A flip-flop captures data at its input at the positive or negative edge of a clock. The important thing to note is that whatever happens to data after the clock edge until the next clock edge will not be reflected in the output. A latch on the other hand, does not capture at the edge of a clock, instead the output follows input as long as the enable pin is asserted.
In this example, we'll build a latch that has three inputs and one output. The input d stands for data which can be either 0 or 1, rstn stands for active-low reset and en stands for enable which is used to make the input data latch to the output. Reset being active-low simply means that the design element will be reset when this input goes to 0 or in other words, reset is active when its value is low. The value of output q is dictated by the inputs d, en and rstn.
module d_latch ( input d, // 1-bit input pin for data input en, // 1-bit input pin for enabling the latch input rstn, // 1-bit input pin for active-low reset output reg q); // 1-bit output pin for data output // This always block is "always" triggered whenever en/rstn/d changes // If reset is asserted then output will be zero // Else as long as enable is high, output q follows input d always @ (en or rstn or d) if (!rstn) q <= 0; else if (en) q <= d; endmodule
Note that the sensitivity list to the
always block contains all the signals required to update the output. This block will be triggered whenever any of the signals in the sensitivity list changes its value. Also q will get the value of d only when en is high, and hence is a positive latch.
module tb_latch; // Declare variables that can be used to drive values to the design reg d; reg en; reg rstn; reg [2:0] delay; reg [1:0] delay2; integer i; // Instantiate design and connect design ports with TB signals d_latch dl0 ( .d (d), .en (en), .rstn (rstn), .q (q)); // This initial block forms the stimulus to test the design initial begin $monitor ("[%0t] en=%0b d=%0b q=%0b", $time, en, d, q); // 1. Initialize testbench variables d <= 0; en <= 0; rstn <= 0; // 2. Release reset #10 rstn <= 1; // 3. Randomly change d and enable for (i = 0; i < 5; i=i+1) begin delay = $random; delay2 = $random; #(delay2) en <= ~en; #(delay) d <= i; end end endmodule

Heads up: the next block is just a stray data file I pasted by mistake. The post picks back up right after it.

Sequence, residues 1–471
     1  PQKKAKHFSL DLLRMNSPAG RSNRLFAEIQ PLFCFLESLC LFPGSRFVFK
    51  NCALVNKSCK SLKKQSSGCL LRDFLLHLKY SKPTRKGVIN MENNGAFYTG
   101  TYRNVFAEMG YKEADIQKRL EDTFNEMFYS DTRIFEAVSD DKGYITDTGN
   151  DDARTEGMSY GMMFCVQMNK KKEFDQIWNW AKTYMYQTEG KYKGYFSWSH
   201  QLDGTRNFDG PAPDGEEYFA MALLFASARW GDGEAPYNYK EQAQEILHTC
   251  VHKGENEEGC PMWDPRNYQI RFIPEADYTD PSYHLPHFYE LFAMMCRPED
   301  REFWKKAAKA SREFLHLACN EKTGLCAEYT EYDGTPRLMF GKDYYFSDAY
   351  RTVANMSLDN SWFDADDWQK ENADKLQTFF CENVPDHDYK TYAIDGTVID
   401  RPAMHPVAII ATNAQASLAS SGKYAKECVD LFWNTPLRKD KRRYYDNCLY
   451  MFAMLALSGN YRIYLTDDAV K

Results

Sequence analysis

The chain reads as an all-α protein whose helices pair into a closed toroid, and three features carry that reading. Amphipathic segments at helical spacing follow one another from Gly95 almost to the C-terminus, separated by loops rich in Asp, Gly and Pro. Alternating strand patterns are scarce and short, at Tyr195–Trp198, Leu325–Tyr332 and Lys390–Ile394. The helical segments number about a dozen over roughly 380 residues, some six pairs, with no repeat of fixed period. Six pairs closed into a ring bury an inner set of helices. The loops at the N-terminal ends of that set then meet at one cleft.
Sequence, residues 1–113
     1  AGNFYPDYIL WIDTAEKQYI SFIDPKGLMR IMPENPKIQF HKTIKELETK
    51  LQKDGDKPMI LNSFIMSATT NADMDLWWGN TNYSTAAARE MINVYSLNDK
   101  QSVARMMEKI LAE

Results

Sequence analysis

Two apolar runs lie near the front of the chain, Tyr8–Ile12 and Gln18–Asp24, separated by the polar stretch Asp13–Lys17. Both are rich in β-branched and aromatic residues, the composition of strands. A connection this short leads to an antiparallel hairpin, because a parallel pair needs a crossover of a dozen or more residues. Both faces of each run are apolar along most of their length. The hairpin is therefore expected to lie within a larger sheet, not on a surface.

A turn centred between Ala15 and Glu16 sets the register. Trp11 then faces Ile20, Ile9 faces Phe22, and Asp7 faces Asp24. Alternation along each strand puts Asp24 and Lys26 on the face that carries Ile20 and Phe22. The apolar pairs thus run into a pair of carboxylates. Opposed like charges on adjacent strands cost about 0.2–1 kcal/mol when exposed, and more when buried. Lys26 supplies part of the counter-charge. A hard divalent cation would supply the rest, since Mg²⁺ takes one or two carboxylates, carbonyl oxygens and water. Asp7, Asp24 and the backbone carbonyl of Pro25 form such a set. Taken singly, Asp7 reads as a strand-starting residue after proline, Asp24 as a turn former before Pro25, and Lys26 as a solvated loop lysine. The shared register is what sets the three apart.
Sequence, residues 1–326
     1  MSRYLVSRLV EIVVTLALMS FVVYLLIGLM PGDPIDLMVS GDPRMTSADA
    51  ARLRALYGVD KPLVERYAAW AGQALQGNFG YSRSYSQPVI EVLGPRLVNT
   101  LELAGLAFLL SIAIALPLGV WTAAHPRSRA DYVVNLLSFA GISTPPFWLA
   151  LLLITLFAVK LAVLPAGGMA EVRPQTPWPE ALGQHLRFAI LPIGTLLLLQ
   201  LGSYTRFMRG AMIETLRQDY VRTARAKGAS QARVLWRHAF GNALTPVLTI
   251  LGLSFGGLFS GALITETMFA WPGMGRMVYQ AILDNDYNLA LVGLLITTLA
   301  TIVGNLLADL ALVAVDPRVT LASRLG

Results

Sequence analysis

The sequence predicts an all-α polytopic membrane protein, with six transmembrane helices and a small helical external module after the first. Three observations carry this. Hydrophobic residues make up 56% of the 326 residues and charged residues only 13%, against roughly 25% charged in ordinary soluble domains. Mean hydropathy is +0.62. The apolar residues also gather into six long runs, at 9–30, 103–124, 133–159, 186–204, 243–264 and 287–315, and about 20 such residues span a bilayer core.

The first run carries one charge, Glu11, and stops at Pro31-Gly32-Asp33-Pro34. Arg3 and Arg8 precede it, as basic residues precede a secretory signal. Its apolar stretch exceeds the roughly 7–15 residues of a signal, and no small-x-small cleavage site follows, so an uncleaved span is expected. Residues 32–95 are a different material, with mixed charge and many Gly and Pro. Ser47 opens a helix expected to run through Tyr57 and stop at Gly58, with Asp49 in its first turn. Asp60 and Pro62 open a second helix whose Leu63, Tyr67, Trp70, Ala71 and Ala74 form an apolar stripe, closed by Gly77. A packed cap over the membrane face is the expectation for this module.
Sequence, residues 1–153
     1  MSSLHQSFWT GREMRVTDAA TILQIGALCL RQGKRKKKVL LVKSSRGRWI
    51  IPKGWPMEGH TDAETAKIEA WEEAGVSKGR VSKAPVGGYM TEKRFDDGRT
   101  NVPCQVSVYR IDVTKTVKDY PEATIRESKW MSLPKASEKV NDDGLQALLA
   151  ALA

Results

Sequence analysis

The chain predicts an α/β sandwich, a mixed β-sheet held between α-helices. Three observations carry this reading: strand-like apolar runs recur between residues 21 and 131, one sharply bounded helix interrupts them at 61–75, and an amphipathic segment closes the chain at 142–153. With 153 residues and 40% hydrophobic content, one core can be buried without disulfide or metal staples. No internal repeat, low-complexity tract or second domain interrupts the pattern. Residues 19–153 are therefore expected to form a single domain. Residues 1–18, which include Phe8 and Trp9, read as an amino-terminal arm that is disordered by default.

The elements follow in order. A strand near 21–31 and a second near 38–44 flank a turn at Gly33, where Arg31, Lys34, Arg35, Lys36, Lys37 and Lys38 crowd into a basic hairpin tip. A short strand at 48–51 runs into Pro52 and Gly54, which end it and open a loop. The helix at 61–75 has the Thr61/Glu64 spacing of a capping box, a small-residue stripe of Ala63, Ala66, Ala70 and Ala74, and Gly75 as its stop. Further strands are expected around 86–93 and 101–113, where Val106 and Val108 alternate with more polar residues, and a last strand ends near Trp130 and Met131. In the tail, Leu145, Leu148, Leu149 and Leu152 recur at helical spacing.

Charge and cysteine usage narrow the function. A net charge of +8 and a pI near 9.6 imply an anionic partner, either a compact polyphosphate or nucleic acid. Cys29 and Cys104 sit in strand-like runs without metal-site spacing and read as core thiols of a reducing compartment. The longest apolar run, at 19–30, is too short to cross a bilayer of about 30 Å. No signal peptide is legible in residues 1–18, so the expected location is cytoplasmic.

To make our testbench assert and deassert signals in a more random manner, we have declared a
reg variable called delay of size 3 bits so that it can take any value from 0 to 7. Then the delay variable is used to delay the assignment of d and en to get different patterns in every loop.
ncsim> run  en=0 d=0 q=0  en=1 d=0 q=0  en=0 d=0 q=0  en=0 d=1 q=0  en=1 d=1 q=1  en=1 d=0 q=0  en=0 d=0 q=0  en=0 d=1 q=0  en=1 d=1 q=1  en=1 d=0 q=0 ncsim: *W,RNQUIE: Simulation is complete.
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